National Health Rankings Are a Roadmap to Better Health

To the Editor:
The Robert Wood Johnson Foundation and the University of Wisconsin recently publicized the 2018 national annual county health rankings.

The rankings provide a valuable tool for mapping the way to better health, as the publication is officially titled “County Health Rankings and the Roadmaps.”

Many factors contribute to community health, including access to healthy foods, the average length of commute, exercise facilities, education, environment, health insurance, housing, jobs, medical care and more.

The rankings provide a snapshot of factors that influence community health and can be a powerful tool for communities looking at short- and long-term health trends.

Each community can use the “Roadmaps” to find ways to improve health.

This is the first value of the Roadmaps.

The ranked health factors usually consist of many individual measures, which are another important component of the Roadmaps.

These measures highlight a community’s advantages and shortcomings, and the measured data over time indicate the trends of changes.

Individual measures are instrumental in identifying community health improvement needs and opportunities – this is the second value of the Roadmaps.

The rankings also include measures beyond traditional public health such as unemployment rates, affordable housing and high school graduation rates.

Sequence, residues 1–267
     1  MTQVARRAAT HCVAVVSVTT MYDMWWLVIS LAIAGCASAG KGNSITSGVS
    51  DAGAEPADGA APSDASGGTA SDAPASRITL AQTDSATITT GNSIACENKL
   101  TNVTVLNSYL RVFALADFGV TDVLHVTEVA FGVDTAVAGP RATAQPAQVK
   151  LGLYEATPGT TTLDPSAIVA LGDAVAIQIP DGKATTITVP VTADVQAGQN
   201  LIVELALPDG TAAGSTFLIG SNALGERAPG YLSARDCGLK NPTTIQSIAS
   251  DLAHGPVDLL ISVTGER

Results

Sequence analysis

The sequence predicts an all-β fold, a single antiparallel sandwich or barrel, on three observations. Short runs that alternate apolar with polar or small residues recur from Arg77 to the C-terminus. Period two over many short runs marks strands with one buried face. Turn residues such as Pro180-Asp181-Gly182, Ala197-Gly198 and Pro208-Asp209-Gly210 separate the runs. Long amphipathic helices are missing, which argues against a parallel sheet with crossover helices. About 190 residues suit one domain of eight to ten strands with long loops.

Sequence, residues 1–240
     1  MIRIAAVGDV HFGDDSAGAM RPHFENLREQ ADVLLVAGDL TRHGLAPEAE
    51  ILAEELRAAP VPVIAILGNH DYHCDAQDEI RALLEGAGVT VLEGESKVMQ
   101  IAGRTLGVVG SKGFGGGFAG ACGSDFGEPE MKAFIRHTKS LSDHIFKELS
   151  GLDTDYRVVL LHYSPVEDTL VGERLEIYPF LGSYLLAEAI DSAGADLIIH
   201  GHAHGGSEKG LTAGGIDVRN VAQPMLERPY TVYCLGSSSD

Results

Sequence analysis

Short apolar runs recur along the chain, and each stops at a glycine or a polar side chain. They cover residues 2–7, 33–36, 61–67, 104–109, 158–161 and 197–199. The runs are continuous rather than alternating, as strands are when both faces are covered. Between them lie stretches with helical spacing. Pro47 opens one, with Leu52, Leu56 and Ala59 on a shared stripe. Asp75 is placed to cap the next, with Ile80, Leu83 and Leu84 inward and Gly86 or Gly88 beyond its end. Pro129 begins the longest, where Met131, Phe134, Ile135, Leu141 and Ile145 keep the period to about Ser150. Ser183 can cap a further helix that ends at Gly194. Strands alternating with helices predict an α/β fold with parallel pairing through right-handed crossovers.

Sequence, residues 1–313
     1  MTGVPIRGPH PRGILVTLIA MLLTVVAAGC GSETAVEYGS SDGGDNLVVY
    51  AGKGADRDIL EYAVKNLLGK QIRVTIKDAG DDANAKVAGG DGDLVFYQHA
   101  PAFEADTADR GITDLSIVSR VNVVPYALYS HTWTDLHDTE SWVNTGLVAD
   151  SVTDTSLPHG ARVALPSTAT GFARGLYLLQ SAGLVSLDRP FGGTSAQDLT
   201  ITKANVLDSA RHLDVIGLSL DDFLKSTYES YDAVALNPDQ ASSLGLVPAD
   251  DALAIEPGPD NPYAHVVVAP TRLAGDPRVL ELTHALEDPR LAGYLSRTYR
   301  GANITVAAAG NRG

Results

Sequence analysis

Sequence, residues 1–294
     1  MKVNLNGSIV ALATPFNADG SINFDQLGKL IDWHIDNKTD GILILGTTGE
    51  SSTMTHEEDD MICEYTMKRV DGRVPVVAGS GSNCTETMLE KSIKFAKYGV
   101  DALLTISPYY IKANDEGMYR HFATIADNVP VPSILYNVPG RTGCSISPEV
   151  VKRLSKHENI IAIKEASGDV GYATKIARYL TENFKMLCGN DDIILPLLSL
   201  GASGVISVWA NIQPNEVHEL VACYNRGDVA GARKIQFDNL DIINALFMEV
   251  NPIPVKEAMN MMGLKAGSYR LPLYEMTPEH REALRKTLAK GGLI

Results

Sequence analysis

The inclusion of these measures and the annual publication of the rankings remind people that communities can do something about health and that health is everyone’s business.

The “County Health Rankings and Roadmaps” call for community members, organizations and individuals to take actions to improve health for all – this is the third value of the Roadmaps.

Since the “County Health Rankings and Roadmaps” started, our community has been using the information and tools to make improvements.

An example is the “Healthy Highway” program that helps school children to make healthy eating choices and to encourage them to be physically active.

A pilot program involving three Oswego elementary schools, SUNY Oswego, OCO and the county health department demonstrated that the program is effective in teaching school children healthy eating knowledge and practices.

The program has been expanded and now Oswego Health, CiTi, SUNY Oswego, Northern Oswego County Health Services, the county health department, Oswego County Opportunities, Cornell University Cooperative Extension, Oswego YMCA, and the Shineman Foundation are working together to implement “Healthy Highway” in all nine school districts in the county for long-term sustainability.

Our own experience has shown us that long-term plans can change our community’s health.

Thirty years ago, Oswego County had a higher than average teen pregnancy rate, but since then cooperative efforts by OCO and BOCES (now CiTi) and others have significantly changed that statistic.

Through their persistent efforts, the county’s teen pregnancy rate today is lower than the state and regional averages.

By using the “County Health Rankings and Roadmaps” and by working together, we can and will move Oswego County toward better health for all.

Jiancheng Huang
Director of Public Health
Oswego County Health Department